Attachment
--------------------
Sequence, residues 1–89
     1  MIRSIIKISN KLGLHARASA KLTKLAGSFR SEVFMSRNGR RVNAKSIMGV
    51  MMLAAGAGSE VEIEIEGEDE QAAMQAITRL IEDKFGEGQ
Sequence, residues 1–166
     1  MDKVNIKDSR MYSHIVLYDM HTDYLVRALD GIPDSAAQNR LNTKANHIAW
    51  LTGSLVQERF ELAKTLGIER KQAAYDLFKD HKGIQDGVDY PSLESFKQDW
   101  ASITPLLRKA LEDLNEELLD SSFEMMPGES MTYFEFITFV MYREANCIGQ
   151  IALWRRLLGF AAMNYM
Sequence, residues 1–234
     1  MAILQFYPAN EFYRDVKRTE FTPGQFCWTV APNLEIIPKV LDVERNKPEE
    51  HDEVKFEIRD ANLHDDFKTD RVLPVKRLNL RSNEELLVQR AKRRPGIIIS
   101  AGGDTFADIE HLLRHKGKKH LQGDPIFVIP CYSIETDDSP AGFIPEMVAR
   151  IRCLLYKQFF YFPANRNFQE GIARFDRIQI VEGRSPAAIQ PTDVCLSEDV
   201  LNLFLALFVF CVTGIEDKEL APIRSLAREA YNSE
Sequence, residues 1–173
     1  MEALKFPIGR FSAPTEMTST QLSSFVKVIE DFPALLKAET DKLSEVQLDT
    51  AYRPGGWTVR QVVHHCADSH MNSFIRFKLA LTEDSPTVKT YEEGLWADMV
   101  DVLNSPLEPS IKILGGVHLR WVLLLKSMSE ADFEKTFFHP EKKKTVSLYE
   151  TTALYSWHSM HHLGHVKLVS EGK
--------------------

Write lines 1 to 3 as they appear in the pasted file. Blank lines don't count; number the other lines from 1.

Sequence, residues 1–89
     1  MIRSIIKISN KLGLHARASA KLTKLAGSFR SEVFMSRNGR RVNAKSIMGV
    51  MMLAAGAGSE VEIEIEGEDE QAAMQAITRL IEDKFGEGQ